inheritance limit tax
Shared by: tvault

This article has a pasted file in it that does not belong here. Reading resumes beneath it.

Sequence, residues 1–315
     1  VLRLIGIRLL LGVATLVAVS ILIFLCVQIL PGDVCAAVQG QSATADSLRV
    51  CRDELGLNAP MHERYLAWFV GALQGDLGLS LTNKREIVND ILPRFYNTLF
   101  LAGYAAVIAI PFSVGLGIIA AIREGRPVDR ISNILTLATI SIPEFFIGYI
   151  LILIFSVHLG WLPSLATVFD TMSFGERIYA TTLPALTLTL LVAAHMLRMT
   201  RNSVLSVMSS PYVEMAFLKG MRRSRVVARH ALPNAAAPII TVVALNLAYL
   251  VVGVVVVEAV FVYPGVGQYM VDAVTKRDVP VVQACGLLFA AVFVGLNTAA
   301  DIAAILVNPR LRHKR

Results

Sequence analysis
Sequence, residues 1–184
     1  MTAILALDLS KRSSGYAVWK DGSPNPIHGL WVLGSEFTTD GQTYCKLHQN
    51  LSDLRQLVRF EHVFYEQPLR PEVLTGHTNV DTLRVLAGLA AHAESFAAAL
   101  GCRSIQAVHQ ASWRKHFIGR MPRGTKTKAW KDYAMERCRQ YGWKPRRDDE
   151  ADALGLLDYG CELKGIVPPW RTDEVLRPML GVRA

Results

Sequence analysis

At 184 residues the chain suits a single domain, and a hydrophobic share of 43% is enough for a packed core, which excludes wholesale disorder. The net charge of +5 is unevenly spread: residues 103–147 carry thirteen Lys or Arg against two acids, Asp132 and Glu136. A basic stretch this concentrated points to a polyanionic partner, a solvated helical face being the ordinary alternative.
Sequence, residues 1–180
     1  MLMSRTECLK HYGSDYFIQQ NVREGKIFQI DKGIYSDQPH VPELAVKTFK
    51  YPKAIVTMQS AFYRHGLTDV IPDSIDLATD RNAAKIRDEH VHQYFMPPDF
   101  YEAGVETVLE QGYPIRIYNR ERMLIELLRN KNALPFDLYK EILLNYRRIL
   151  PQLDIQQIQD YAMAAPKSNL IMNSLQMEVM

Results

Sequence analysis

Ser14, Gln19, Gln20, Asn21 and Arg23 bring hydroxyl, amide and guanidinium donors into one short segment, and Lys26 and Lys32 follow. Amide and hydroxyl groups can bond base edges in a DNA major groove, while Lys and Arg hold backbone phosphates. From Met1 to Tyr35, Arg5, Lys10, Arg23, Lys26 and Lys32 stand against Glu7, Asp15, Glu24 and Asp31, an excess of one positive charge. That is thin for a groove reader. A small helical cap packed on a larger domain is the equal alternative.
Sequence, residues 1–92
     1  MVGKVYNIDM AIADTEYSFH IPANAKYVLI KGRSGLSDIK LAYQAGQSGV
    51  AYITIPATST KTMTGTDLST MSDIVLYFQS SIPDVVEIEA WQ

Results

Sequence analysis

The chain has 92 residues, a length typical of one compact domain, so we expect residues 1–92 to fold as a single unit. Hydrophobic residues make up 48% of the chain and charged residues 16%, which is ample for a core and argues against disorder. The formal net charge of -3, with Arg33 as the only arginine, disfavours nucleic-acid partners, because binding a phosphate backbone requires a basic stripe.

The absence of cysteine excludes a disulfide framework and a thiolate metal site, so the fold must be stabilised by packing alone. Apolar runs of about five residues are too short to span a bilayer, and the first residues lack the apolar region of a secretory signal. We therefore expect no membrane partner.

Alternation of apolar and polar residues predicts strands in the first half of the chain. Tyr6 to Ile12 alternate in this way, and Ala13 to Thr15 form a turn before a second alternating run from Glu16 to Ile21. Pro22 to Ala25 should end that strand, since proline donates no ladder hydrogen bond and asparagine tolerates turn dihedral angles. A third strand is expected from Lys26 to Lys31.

Belgian Inheritance Tax Rules for Family Companies Incompatible with EC Treaty, ECJ Says by Tom O'Shea The European Court of Justice on October 25 issued its ruling in Geurts and Vogten (C-464/05) (see Doc 2007-23781 [PDF] or 2007 WTD 208-13 ), finding that the Belgian inheritance tax rules relating to the transfer of a family undertaking owned by the deceased indirectly discriminate between taxpayers "on the basis of the place of employment of a certain number of workers in a certain period," and that that discrimination violates the EC Treaty principle of freedom of establishment. The main issue in the case concerned an exemption from Belgian inheritance tax on the transfer of shares in a family company in which at least 50 percent of the shares were held by the deceased (or were held jointly, with his close family members). The exemption applies only if, in the three years preceding the death of the deceased, the undertaking or company employed at least five full-time workers in the Flemish region of Belgium. In the case of Dennis Vogten, the family companies employed more than five full- time workers, but in the Netherlands, not in the Flemish region of Belgium. Consequently, Vogten's heirs were denied the tax exemption. Which Freedom Applied? The ECJ, recalling its judgment in N (C-470/04) (see Doc 2006-18757 [PDF] or 2006 WTD 174-9 ), observed that article 43 of the EC Treaty (on the freedom of establishment) applied to persons who transferred their residence from the Netherlands to Belgium and continued to hold the majority of the shares in Dutch companies. Therefore, the freedom of establishment also was the applicable freedom in Geurts and Vogten. Any restrictive effects on the free movement of capital were "an unavoidable consequence of any restriction on freedom of establishment and do not justify an independent examination of that measure in the light of Articles 56 EC to 58 EC," the ECJ said. Discrimination or Restriction? The ECJ found that the Belgian inheritance tax rules treat owners of family companies (and their heirs) differently depending on whether the family undertakings employed workers in Belgium or in another EU member state. The Court, recalling its judgment in Baars (C-251/98), noted that "legislation of a Member State which provides for a difference in treatment between taxpayers on the basis of the place where the company of which those taxpayers are shareholders has its seat is in principle contrary to Article 43 EC." The Court found that the same is true when the tax rules provide for different treatment based on "the place where the company owned by those taxpayers employs a certain number of workers for a certain period of time." In the eyes of the ECJ, this is indirect discrimination on grounds of nationality, because discrimination on the basis of a company's seat leads to a result similar to overt discrimination on grounds of nationality. The Court explained that a company established in Belgium can fulfill the condition in the Belgian inheritance tax rules "more easily." Accordingly, the Court decided that the Belgian tax rules indirectly discriminate between taxpayers "on the basis of the place of employment of a certain number of workers in a certain period," and that that discrimination is "liable to hinder the exercise of the freedom of establishment by those taxpayers." Justifications The Belgian government put forward a number of justifications in support of its discriminatory tax rules. It said that the legislation does not refer to the establishment of an undertaking in Belgium, just to the employment of some workers there, and that undertakings with seats in other EU member states can enjoy the tax advantage at issue if they employ the specified number of workers in Belgium. The government also argued that the rules are justified by the need for effective fiscal supervision and the need to safeguard the survival of small and medium-size enterprises and to maintain employment in SMEs in the event of the death of their owners. The ECJ rejected all of those arguments. It accepted that safeguarding the survival of SMEs and the employees of those enterprises might constitute an acceptable justification for the Belgian rules. However, that justification has to be measured against the principle of proportionality. Belgium did not demonstrate the need to limit the inheritance tax advantage to enterprises that have the requisite number of employees in Belgium, the Court said. It commented that "in relation to the objective of preventing inheritance tax from jeopardizing the continuation of family undertakings, and therefore the jobs which they bring, undertakings having their seat in another Member State are in a situation comparable to that of undertakings established" in Belgium. The Court also observed, in relation to the effectiveness of fiscal supervision, that even though the EU mutual assistance directive1 does not apply to inheritance tax situations, "that difficulty cannot justify the categorical refusal to grant the tax benefits in question since the tax authorities could request the taxpayers concerned to provide . . . the evidence which the authorities consider necessary to be fully satisfied that those benefits are granted only where the jobs in question fulfill the criteria set out under national law." Conclusion The ECJ therefore held that the Belgian rules are incompatible with article 43 of the EC Treaty because they exclude from the inheritance tax exemption family undertakings that employ workers in other EU member states and grant the tax exemption when comparable undertakings employ the relevant workers in Belgium. Analysis The Geurts and Vogten decision is another significant ECJ judgment concerning the compatibility of the member states' domestic inheritance tax rules with EU law. Those rules remain within the competence of the member states but must comply with EU law. Barbier In the ECJ's Barbier case (C-364/01), the free movement of capital was at stake. The appellant had moved from the Netherlands to Belgium and had purchased some properties in the Netherlands, from which he received rent. He then conducted a series of transactions involving the transfer of the financial ownership of his properties to private Dutch companies that he controlled. Dutch rules allowed the legal title to immovable property to be split from its financial ownership. Consequently, the transactions resulted in some tax advantages for the appellant and, after his death, for his estate. The Dutch inheritance tax valuation rules treated the appellant differently than a Dutch resident because he died while he was resident in another member state. The ECJ found that those tax rules restricted the free movement of capital. More significantly, it went on to point out that "a Community national cannot be deprived of the right to rely on the provisions of the [EC] Treaty on the ground that he is profiting from tax advantages which are legally provided by the rules in force in a Member State other than his State of residence." Free Movement of Capital or Freedom of Establishment? In Geurts and Vogten, the Belgian tax rules clearly fall within the scope of the freedom of establishment because they relate to the shareholdings of deceased persons in family undertakings that give the shareholders definite control or influence over those family businesses. In Baars the ECJ determined that "a national of a Member State who has a holding in the capital of a company established in another Member State which gives him a definite influence over the company's decisions and allows him to determine its activities is exercising his right of establishment." Applying that reasoning to Geurts and Vogten, it is clear that the Belgian inheritance tax rules apply only to shareholdings where a "definite influence" or "control" is at stake. Therefore, the ECJ was entitled to select the freedom of establishment as the main fundamental freedom at play, and also was entitled to find that any effects of the Belgian inheritance tax rules on the free movement of capital are "an unavoidable consequence of any restriction on the freedom of establishment." The Court was merely following its now-established case law in that area when both the free movement of capital and the freedom of establishment are potentially breached by the Belgian inheritance tax rules. (For a related story, see Doc 2007-9386 [PDF] or 2007 WTD 83-9 .) Extension of Tax Advantages Cross-Border The ECJ judgment in Geurts and Vogten is also significant because of the Court's reminder to the member states that their tax rules cannot discriminate, particularly in an area without internal frontiers. The inheritance tax rules in question favored the transfer of family undertakings that employed workers in Belgium, and not in other member states. In other words, the Belgian rules are protectionist in nature, granting a tax advantage to residents who employed residents through their family business. The Belgian government's justification for maintaining those rules was the need to prevent those inheritance tax rules from jeopardizing the continuation of family undertakings. The Court pointed out that family undertakings employing workers in other member states could be equally affected by those inheritance tax rules. In an internal market comprising an "area without internal frontiers," the Court has shown a reluctance to accept justifications offered by member states for limiting some tax advantages to domestic situations and refusing to grant them to residents in cross- border situations. This has become clear from the Court's decisions in cases such as Manninen (C-319/02), Marks & Spencer (C-446/03), and Keller Holding (C-471/04). (For the ECJ judgments in those cases, see Doc 2004-7814 [PDF] or 2004 WTD 174- 17 ; Doc 2005-25015 [PDF] or 2005 WTD 239-16 ; and Doc 2006-3710 [PDF] or 2006 WTD 38-7 , respectively.) Manninen In Manninen, Finland failed to extend an imputation tax credit granted to its residents when they received dividends from Finnish companies. When Finnish residents received dividends from Swedish companies, no imputation tax credit was granted in Finland. The consequence was (usually) additional taxation for Finnish residents who invested their capital in Swedish companies. The ECJ found that those rules were a restriction on the free movement of capital and rejected Finland's justifications that their rules conformed to the principle of territoriality and were necessary to ensure the cohesion of its tax system. The Court noted that the purpose of the Finnish rules was to prevent economic double taxation of a company's profits. This could be encountered by both Finnish investors investing in Finland or elsewhere, if the state of investment did not provide some form of relief for economic double taxation. This might occur in a situation when the state of investment imposed corporation tax only on profits of the company that were not distributed. In those circumstances, the Finnish investor investing in a Finnish company and a Finnish investor investing in the nonresident company might not be in the same situation (and hence are not comparable). However, in other situations when the state of investment imposed corporation tax on the company paying the dividend, the Finnish investor receiving dividends from such a company suffered economic double taxation. Consequently, those Finnish resident investors were comparable and were entitled to not less favorable treatment. The Court went on to note, "Having regard to the objective pursued by the Finnish tax legislation, the cohesion of the tax system is assured as long as the correlation between the tax advantage granted in favor of the shareholder and the tax due by way of corporation tax is maintained. . . . Therefore . . . the granting to a shareholder who is fully taxable in Finland and who holds shares in a company established in Sweden of a tax credit calculated by reference to the corporation tax owed by that company in Sweden would not threaten the cohesion of the Finnish tax system and would constitute a measure less restrictive of the free movement of capital than that laid down by the Finnish tax legislation." The Court used similar reasoning in Marks & Spencer in relation to the United Kingdom's group relief rules and in Keller Holding in relation to German rules concerning the financing of subsidiaries. Marks & Spencer In Marks & Spencer, the ECJ was faced with U.K. tax rules that granted loss (group) relief when a U.K. parent company had established a subsidiary in the United Kingdom that incurred losses, but not when the subsidiary was established in another member state. The United Kingdom argued that those rules were justified because the United Kingdom did not tax the subsidiary established in another member state. The Court rejected that argument, saying, "In order to ascertain whether such a restriction is justified, it is necessary to consider what the consequences would be if an advantage such as that at issue in the main proceedings were to be extended unconditionally." The outcome was that the United Kingdom's group relief rules had to be extended cross-border in situations when the subsidiary was unable to obtain loss relief in the member state of establishment. That ensured the equal treatment of U.K.-resident parent companies. Keller Holding Similarly, in Keller Holding, German rules restricted the deduction of financing costs for subsubsidiaries to companies resident in Germany; if the subsubsidiary was resident in another member state, Germany denied the deduction (tax advantage). In Keller Holding's situation, it was clear that the German parent company received dividends from its Austrian subsubsidiary on a tax-free basis through a combination of the Austria-Germany income tax treaty, which exempted taxation on those dividends in Germany, and through German domestic rules, which exempted dividend payments from a German resident subsidiary to a German resident parent company. Consequently, Keller Holding was comparable to another German parent company with a subsidiary in Germany that received dividends from its subsidiary also resident in Germany. In both instances, the German parent companies received dividends on a tax-free basis from their subsubsidiaries, but the German tax rules at issue allowed a deduction for the financing costs related to the subsubsidiary only when it was resident in Germany and not in another member state such as Austria. The Court found that to be a restriction of the freedom of establishment. Germany argued that its tax rules were necessary to ensure the coherence of the German tax system. However, the Court disagreed and said, "The legislation at issue in the main proceedings does not establish any relationship between the deductibility of the financing costs relating to the shareholdings of the parent company and the profits in respect of which the indirect subsidiary is liable to tax. Moreover, the profits realized by that indirect subsidiary, which enabled it to distribute dividends, are subject to corporation tax in Austria, just as the profits of an indirect subsidiary which has its registered office in Germany are taxable in that Member State, since the place of establishment of the parent company is of no importance in that regard." Consequently, Germany was obliged to grant not less favorable treatment to German parent companies such as Keller Holding whose subsubsidiaries were resident in Austria. Final Thoughts The ECJ decision in Geurts and Vogten represents an application of the migrant/nonmigrant test (see Doc 2006-3391 [PDF] or 2006 WTD 95-10 ), whereby a resident of an origin member state who chooses to exercise a fundamental freedom (in this case, the freedom of establishment) is disadvantaged by a tax rule of the origin member state when compared with another resident of the origin member state who is in a comparable situation. Those persons are entitled to not less favorable treatment when they exercise their fundamental freedom rights. The Belgian inheritance tax rules clearly do not guarantee that result and consequently were found to be incompatible with the freedom of establishment. Tom O'Shea, lecturer in tax law, Centre for Commercial Law Studies, Queen Mary, University of London FOOTNOTE 1 Council Directive 77/799/EEC of December 19,1977, concerning mutual assistance by the member states in the field of direct taxation.